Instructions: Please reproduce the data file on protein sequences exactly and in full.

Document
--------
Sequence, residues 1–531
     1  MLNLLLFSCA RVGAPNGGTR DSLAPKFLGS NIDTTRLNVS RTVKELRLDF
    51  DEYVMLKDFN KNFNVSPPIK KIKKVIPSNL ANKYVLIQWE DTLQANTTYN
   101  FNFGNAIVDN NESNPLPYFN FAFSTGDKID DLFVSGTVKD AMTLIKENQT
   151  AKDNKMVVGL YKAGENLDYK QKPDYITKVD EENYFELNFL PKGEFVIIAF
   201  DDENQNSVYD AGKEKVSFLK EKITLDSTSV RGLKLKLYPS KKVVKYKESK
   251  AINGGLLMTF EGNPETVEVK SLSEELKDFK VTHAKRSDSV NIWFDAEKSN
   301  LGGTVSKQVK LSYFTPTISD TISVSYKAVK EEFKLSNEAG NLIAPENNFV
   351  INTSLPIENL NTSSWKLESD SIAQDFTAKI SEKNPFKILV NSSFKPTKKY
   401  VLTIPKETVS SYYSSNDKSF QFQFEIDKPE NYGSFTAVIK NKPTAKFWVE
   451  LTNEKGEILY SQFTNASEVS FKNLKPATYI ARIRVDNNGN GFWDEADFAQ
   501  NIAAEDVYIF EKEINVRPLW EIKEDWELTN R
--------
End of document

Sequence, residues 1–531
     1  MLNLLLFSCA RVGAPNGGTR DSLAPKFLGS NIDTTRLNVS RTVKELRLDF
    51  DEYVMLKDFN KNFNVSPPIK KIKKVIPSNL ANKYVLIQWE DTLQANTTYN
   101  FNFGNAIVDN NESNPLPYFN FAFSTGDKID DLFVSGTVKD AMTLIKENQT
   151  AKDNKMVVGL YKAGENLDYK QKPDYITKVD EENYFELNFL PKGEFVIIAF
   201  DDENQNSVYD AGKEKVSFLK EKITLDSTSV RGLKLKLYPS KKVVKYKESK
   251  AINGGLLMTF EGNPETVEVK SLSEELKDFK VTHAKRSDSV NIWFDAEKSN
   301  LGGTVSKQVK LSYFTPTISD TISVSYKAVK EEFKLSNEAG NLIAPENNFV
   351  INTSLPIENL NTSSWKLESD SIAQDFTAKI SEKNPFKILV NSSFKPTKKY
   401  VLTIPKETVS SYYSSNDKSF QFQFEIDKPE NYGSFTAVIK NKPTAKFWVE
   451  LTNEKGEILY SQFTNASEVS FKNLKPATYI ARIRVDNNGN GFWDEADFAQ
   501  NIAAEDVYIF EKEINVRPLW EIKEDWELTN R